In September 2017, Moya filed a second motion to compel discovery and for sanctions, alleging that Hernandez had failed to pay the ordered attorney's fees or timely provide the requested documents and responses and had asserted untimely objections and failed to remove them. The motion requested that the court strike Hernandez's pleadings and grant judgment in favor of Moya. The trial court rendered an order October 20, 2017 on the motion requiring Hernandez to produce responsive discovery and pay $750 in attorney's fees by October 27.

         In January 2018, Moya filed a third motion to compel discovery and for sanctions. This motion alleged that Hernandez failed to provide the ordered discovery by October 27 and listed several outstanding discovery items (documents responsive to requests for production (RFPs) 3, 9, 11, and 13) and improper (i.e., "unremoved") objections to interrogatory (ROG) 14 and RFPs 9 and 13.[2] The motion additionally contended that Moya "does not believe" all documents responsive to RFP 2[3] had been provided. The motion contained a notice of hearing set for March 2, 2018 and again sought all "just and right" orders, including the striking of Hernandez's pleadings and judgment in favor of Moya.

         Hernandez's attorney, Tamer Morsi, filed a verified response to Moya's third motion to compel on February 28. In it, Morsi averred that (a) Hernandez "previously withdrew all asserted objections" to Moya's discovery requests and "provided complete responses" to the ROGs on October 30, 2017, citing an attached email he sent to Moya's attorney; (b) Hernandez "does not have access to or possession of documentation responsive to" RFPs 2, 3, 11, and 13 and "has no information available to provide a response" to ROG 14; and (c) Moya's attorney did not confer with him prior to filing the third motion to compel as required by the rules of civil procedure. Also February 28, Morsi filed a verified motion for continuance of the March 2 hearing on the third motion for sanctions, averring that he did not have child care available for his disabled son that date and he had attempted to reset the matter with Moya's attorney for March 7 but had not received a response.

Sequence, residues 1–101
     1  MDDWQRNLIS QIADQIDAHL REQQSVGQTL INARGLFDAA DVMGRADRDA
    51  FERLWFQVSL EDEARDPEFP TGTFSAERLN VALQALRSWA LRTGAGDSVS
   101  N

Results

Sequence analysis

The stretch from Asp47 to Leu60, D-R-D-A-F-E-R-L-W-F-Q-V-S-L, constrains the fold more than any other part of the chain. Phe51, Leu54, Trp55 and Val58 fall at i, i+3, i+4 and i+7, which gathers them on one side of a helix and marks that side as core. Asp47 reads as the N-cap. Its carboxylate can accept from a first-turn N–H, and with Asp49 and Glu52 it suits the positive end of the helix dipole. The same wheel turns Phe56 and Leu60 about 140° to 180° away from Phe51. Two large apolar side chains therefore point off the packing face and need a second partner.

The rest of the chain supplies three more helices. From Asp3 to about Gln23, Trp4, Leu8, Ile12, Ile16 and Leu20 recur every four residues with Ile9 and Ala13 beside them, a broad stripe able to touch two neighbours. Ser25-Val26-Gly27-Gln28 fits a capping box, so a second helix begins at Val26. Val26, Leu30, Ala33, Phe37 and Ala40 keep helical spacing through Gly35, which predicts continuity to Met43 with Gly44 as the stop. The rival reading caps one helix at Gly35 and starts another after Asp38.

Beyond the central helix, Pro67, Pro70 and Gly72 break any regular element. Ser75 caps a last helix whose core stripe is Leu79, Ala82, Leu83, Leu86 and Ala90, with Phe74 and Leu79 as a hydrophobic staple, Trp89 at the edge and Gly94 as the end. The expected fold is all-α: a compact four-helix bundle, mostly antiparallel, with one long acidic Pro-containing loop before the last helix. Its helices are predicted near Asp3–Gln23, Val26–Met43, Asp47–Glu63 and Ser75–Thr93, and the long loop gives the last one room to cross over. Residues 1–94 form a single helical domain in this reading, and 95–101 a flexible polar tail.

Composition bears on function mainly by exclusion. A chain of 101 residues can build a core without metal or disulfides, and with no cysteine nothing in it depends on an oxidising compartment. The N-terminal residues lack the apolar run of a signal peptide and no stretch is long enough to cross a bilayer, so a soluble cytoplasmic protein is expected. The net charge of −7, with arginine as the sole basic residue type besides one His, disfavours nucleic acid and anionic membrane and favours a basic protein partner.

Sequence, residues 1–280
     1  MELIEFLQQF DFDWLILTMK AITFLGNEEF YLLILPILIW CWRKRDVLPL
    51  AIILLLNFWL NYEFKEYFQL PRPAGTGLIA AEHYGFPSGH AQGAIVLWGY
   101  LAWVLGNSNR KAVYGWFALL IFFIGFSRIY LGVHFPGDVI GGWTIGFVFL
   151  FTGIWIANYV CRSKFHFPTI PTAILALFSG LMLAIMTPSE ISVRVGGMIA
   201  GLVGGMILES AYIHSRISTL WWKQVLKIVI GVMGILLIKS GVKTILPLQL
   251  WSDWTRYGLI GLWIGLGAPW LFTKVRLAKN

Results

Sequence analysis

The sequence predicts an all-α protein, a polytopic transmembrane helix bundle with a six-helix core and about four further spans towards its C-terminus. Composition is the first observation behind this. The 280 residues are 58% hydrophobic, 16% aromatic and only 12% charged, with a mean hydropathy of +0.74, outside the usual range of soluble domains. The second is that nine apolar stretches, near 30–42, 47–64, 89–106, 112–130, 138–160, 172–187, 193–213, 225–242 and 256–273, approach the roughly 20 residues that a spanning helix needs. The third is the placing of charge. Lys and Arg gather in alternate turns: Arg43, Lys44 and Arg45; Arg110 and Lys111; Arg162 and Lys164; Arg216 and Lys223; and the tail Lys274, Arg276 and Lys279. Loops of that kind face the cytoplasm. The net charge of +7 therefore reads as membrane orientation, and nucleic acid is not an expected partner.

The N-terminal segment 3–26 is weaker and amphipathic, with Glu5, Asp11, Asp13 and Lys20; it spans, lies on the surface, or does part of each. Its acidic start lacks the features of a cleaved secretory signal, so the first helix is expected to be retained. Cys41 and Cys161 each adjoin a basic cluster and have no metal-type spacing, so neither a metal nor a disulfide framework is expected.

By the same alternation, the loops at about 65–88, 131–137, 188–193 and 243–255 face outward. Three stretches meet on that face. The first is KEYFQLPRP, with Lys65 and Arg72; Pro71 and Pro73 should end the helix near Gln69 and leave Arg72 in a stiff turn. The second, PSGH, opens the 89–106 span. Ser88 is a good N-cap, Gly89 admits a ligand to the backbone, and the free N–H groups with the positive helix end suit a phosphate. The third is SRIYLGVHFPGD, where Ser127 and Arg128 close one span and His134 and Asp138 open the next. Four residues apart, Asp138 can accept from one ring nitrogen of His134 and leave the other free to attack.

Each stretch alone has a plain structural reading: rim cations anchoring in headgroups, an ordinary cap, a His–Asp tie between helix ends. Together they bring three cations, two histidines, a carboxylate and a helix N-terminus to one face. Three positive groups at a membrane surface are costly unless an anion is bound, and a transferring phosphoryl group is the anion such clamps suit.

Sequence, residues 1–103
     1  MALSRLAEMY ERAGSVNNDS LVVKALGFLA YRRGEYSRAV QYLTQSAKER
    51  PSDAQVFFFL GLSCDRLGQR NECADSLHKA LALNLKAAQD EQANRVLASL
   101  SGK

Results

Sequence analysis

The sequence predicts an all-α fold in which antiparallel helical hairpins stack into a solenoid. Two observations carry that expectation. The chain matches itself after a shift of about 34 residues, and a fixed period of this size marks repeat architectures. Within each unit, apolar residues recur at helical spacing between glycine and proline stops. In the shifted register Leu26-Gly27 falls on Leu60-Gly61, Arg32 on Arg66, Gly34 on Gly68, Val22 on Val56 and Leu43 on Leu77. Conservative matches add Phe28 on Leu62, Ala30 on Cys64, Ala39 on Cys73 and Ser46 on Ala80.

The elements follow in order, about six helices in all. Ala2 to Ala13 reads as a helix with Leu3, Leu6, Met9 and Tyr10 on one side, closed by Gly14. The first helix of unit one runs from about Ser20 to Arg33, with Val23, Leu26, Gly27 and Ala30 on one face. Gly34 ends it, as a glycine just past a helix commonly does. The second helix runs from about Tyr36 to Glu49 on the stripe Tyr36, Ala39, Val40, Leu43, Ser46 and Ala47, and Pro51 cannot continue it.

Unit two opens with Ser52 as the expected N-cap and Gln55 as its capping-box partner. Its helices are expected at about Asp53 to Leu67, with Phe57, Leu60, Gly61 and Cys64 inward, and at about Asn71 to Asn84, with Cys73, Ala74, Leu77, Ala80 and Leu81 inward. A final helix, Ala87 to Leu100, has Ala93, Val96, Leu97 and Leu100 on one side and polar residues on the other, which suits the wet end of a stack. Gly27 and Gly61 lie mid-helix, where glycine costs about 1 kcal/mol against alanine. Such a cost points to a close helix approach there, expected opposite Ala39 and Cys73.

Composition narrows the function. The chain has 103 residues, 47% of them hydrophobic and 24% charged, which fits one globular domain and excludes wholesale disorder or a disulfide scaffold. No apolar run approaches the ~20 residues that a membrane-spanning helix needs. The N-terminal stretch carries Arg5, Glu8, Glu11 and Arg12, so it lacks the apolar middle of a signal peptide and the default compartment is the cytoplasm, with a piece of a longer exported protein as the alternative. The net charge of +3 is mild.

The trial court conducted a hearing on Moya's third motion to compel March 2. Neither Morsi nor Hernandez appeared. After hearing argument from Moya's counsel representing that Morsi had not properly and timely responded to Moya's various discovery requests, the trial court admitted into evidence several documents pertaining to Morsi's discovery correspondence. The trial court also agreed to "entertain" Moya's motion to strike Hernandez's pleadings and to hear the testimony of Moya. Moya testified about custody issues and the children's best interests but did not testify about discovery issues. After Moya's testimony, the court indicated that it had a "logistical question" because "[w]e are basically doing a modification hearing right now." The court inquired, "Are we going to make this an automatically appealable hearing because we are not setting the modification separately?" Moya's attorney replied, "Yes." The hearing transcript continues,

Court: So, what you are asking me to do, No. 1, I previously and officially denied the Motion for Continuance. That's why we could have the hearing. On the Motion to Quash, you are basically asking for me to quash any of the responses he made?
Moya's Counsel: I'm asking the Court to strike the pleadings of Ms. Hernandez and to grant judgment, which would essentially be a default judgment, which is ...